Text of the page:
Super Mario Odyssey does not know what it wants to be

Written by Andy Prosper

The new Super Mario is a 3D platformer in the style of Super Mario 64. However, with a new gimmick: the former plumber can take control of his opponents and friends with his cap. A mechanic that is not really enthusiastic.

Mario throws his cap. On a dog, a dinosaur, a fireball or even on a well hung ham. No matter how absurd the object may be, Mario can hatch through his hat into other bodies and stomp through the world as a powerful Tyrannosaurus or as a piece of meat. The world of Super Mario Odyssey is an extremely dystopian place when the former plumber penetrates the spirit of his enemies and friends to let them dance to his pipe. And then throwing them away like a cheap disposable raincoat after getting what he wants.

And what does Mario want? Moons to fire his spaceship. This time he chases for the umpteenth time to his creator Bowser, who once again kidnapped his girlfriend Peach – this time is to be married. So, at first glance, Mario has not changed much when Mario is bouncing through the levels in Super Mario 64, and the show is still running. Because the game does not really know what it wants to be and always hits two different directions, which can not be reconciled.

At the center of the game is the new super cap Cappy, with which Mario can take over almost everything. He gets new abilities: Mario can swim through lava, the other time indestructible blocks crumble. Whenever Mario discovers a new opponent he can take, somewhere a moon is hidden, which Mario can only reach in this state. These moments present themselves as small puzzles and minor examples. With a solution, which can be seen immediately in almost all cases: As a fireball, we can swim through a strip of lava, at the end of which a moon waits. If we destroy the right blocks in the shape of the T-Rex, then a moon jumps out of one. And if we have collected enough moons, Mario can disappear into the next world with his spaceship.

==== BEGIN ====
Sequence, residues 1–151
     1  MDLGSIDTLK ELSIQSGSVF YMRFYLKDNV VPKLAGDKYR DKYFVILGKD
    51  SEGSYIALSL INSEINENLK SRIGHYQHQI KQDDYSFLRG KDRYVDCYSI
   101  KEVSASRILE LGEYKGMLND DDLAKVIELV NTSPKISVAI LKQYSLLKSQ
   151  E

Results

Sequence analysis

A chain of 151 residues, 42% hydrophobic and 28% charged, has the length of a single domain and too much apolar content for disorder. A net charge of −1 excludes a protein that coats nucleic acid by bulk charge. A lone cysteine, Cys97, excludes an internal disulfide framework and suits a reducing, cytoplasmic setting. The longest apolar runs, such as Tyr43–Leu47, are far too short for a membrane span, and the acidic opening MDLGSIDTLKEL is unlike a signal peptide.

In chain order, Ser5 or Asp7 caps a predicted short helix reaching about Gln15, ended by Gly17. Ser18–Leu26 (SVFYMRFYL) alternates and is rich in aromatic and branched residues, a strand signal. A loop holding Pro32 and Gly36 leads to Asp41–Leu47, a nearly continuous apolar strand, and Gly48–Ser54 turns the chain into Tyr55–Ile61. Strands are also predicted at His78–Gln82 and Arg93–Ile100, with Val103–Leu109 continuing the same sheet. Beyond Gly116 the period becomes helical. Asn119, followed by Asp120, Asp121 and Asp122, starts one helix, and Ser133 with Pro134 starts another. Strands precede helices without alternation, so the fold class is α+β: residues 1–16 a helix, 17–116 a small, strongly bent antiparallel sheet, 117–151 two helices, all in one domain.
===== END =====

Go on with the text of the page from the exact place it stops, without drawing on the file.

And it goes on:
As soon as we get used to this formula, it becomes a routine: discovering a new object or an opponent to take over? Then it is said, look where the nearby moon is hidden. Super Mario Odyssey is thus becoming a kind of game collection whose shortcuts are linked by short open-world segments.

A total of 14 worlds should be visited in the normal run – more can be discovered later. We walk through usually manageable levels in the search for the next Example, sometimes the moons but also just somewhere in the way. What motivates us is not the enthusiasm for the puzzles – their solutions are usually banal – but the Collecting Side shaft and the desire, with enough moons finally discover the next world.

The further we come, the more sophisticated platforming episodes the game has to offer. Multiple rotating planes, which must be jumped in perfect timing. But not always in the form of a creature taken over by hat, but as the good old Mario. At the end of an episode, a single moon is waiting. If you only want to see the end of the game, you can skip it. In such platforming levels, Super Mario Odyssey always comes back to the roots of the series, reminding you of the more difficult levels of the classic Super Mario 64.

It quickly becomes clear that Odyssey wants to be two things at the same time: On the one hand, there is the light-footed and simple Open World game, which concentrates entirely on the caps mechanics and is rather the discovery in the center. And on the other hand, Odyssey cannot let go, too, to grab crisp jump-and-run action. However, both have the effect of a contradiction. Especially in the platforming segments, the cap plays only a minor role.

Even though the new Super Mario has been made with a lot of attention to detail, it seems like a lost opportunity. It feels like two games that have been put together but do not give a homogeneous whole: While we are annoyed at the platforming segments to the incandescence about the difficult maneuvers, the caprices are so simple that they often feel boring and banal. They are a job that needs to be done so the game can go on.

Similar annoying collective marathons are known from other Open World games. However, it becomes particularly frustrating after the credits, when we learn that there are other worlds to discover. For the rich now but not more than 20 moons, but more than 200 must be found. The motivation continues to end quickly.

As boring and old-fashioned as the traditional setup is of the princess to be saved, this idea is undermined at the end of the game with a wink. We had the feeling that even Nintendo noticed how stereotypical and sexistically their own characters had always been. And how urgently the heroic Mario and the helpless Princess Peach need an update. In Mario & Rabbids: Kingdom Battle was already seen similar to Peach with dress, pumpgun and a bold slogan on the lips came to rescue the boys from a predicament. A refreshing development for the Mushroom-Kingdom, and should be expanded urgently.

Super Mario Odyssey is a lot of fun, but it is not the perfect 3D Mario sequel that many fans have wished for. Although we spent a few hours searching the moons, the game developed more and more into the collective organ without long-term motivation. We would have liked more of Marios cap – or less. For one of them Nintendo should have decided.

About the author

Andy Prosper